New DLS dashboard

I get newsletters from the Division of Local Services (DLS) that are often interesting.  Today’s one has a link to a new state DOR dashboard where we can compare Medfield to other towns.  When you try it out, be sure to check the 351 compare box to get the data point for all the cities and towns.  I wish they stated a preferred data point for each of their metrics.

Interesting point learned today:  Cambridge has a budget of about $600m., and they have reserves of 30% (i.e. – about $200m. banked).



DLS Unveils the Municipal Finance Trend Dashboard
Sean Cronin – Senior Deputy Commissioner for Local Services

I’m pleased to announce that for the first time, the Commonwealth of Massachusetts is offering a comprehensive Municipal Finance Trend Dashboard currently available on the Division of Local Services (DLS) website! Governor Baker highlighted this initiative at the Massachusetts Municipal Association’s (MMA) Annual Meeting on January 19th and I now welcome the opportunity to provide additional information here.

The dashboard is comprised of key municipal fiscal health indicators based upon data that is part of required municipal submissions to DLS, annual financial statements, state agency databases, and the US Census. It graphically displays trends in revenues and expenditures, municipal operating positions, demographic information, unfunded liabilities, property taxes, Proposition 2 ½ data, and debt. These municipal fiscal health indicators are displayed through dashboard data compiled over multiple fiscal years. Within each dashboard panel, we also identify the source for the live data point such as the Public Employee Retirement Administration Commission (PERAC) and the Massachusetts Department of Elementary and Secondary Education (DESE) and make every effort to ensure the accuracy of the information presented.

The Municipal Finance Dashboard offers a wide array of metrics broken down by subject that can be viewed both at the individual community level and on a state-wide basis. They include:

  • Operating Position – Trends in certified free cash, stabilization fund balances, overlay reserves, general fund unassigned fund balances and outstanding receivables
  • Unfunded Liabilities – Trends in pension liabilities, OPEB liabilities and fund balances for those municipalities that are self-insured for health insurance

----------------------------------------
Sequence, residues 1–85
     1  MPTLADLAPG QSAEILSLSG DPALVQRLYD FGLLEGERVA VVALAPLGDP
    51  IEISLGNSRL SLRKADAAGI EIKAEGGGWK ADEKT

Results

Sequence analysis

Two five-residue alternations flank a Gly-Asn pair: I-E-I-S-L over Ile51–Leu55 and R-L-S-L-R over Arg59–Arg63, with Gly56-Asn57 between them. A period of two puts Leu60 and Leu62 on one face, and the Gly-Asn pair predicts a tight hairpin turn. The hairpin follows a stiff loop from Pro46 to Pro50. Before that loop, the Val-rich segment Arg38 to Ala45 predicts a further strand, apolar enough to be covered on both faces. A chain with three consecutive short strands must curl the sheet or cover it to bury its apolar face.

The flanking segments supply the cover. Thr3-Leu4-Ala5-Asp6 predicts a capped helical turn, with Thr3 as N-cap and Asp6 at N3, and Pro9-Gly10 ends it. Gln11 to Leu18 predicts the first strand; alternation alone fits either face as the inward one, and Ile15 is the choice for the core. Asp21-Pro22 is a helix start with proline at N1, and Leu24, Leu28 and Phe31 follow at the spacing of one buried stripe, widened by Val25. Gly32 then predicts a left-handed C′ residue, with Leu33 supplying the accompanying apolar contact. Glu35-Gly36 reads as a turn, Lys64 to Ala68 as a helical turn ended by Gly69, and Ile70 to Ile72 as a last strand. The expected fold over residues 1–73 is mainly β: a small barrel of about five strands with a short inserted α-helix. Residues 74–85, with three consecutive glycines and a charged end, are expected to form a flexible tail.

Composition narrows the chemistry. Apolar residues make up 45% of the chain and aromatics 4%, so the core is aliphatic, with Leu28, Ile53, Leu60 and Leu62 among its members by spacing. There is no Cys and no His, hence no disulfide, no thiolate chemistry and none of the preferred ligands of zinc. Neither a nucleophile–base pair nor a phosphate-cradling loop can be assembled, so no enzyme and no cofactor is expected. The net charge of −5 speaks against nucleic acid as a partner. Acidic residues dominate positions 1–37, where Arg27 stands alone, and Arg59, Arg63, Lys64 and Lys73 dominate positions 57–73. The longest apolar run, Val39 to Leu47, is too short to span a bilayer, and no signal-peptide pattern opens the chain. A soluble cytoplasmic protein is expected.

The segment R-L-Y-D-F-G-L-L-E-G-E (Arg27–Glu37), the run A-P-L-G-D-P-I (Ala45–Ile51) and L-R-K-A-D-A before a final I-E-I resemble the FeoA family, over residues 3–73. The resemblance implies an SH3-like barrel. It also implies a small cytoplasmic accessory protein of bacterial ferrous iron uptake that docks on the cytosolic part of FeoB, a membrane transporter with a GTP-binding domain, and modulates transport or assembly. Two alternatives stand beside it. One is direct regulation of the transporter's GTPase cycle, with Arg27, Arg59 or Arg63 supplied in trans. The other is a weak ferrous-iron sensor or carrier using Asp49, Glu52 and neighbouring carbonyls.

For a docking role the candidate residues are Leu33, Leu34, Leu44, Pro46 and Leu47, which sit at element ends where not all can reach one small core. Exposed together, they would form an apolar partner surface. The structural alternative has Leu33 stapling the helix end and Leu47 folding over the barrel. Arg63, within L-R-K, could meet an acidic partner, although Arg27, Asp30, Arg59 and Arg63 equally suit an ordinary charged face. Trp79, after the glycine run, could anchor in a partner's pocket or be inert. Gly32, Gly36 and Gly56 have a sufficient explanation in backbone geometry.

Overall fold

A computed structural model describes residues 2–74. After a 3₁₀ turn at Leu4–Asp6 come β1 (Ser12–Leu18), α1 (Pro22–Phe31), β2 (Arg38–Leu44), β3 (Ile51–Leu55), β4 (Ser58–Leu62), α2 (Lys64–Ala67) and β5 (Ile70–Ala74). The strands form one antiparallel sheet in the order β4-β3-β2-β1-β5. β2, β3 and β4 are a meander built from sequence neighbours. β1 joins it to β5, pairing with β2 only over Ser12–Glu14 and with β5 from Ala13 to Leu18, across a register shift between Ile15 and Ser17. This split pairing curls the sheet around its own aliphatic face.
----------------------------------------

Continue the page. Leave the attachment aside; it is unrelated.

• Property Taxes – Trends in average single family tax bills, new growth, levies, assessed values, excess and override capacity and Proposition 2½ ballot questions
  • General Fund Revenues and Expenditures – Trends in general fund revenues and expenditures
  • Demographics – Trends in labor, income, population and equalized property valuations (EQVs)
  • Debt – Trends in outstanding debt, debt service, bond ratings, and authorized but unissued debt

Below are a few example graphs from the dashboard:

For decades, the Municipal Databank has served as an invaluable resource for local and state officials, professional associations, academic institutions, bond rating agencies, advocacy organizations, think tanks, the media, and interested taxpayers for research, analysis, and policy development. We are now leveraging that resource to provide those same stakeholders a clearer portrayal of the fiscal health of all of Massachusetts’ 351 cities and towns. Whether it’s a finance director meeting with the finance committee, a member of the board of selectman referencing statewide trends, or the general public looking to learn more about certain financial metrics for their community, we think the information contained in the dashboard can serve innumerable purposes. To see how it could best suit your needs, we highly encourage you to take our Municipal Finance Trend Dashboard for a test drive.

The new dashboard makes it easier to get the information that you need. No longer will you need to pull down multiple spreadsheets, combine different datasets, and create charts and graphs. For these key metrics, that is done for you. (However, if you want the data for all 351 municipalities over multiple years, you can still download that. So no fears for those who like the raw data!) This is also a great transparency tool and hopefully helps simplify the analysis that goes into determining the fiscal health of a community.

I want to thank the entire DLS team for their hard work identifying the metrics, building the dashboard, and retrieving the data. As we move forward, we will provide updates and pursue additional metrics and variables, so if you have any feedback, please let us know by emailing me at We hope you enjoy and utilize the dashboard!

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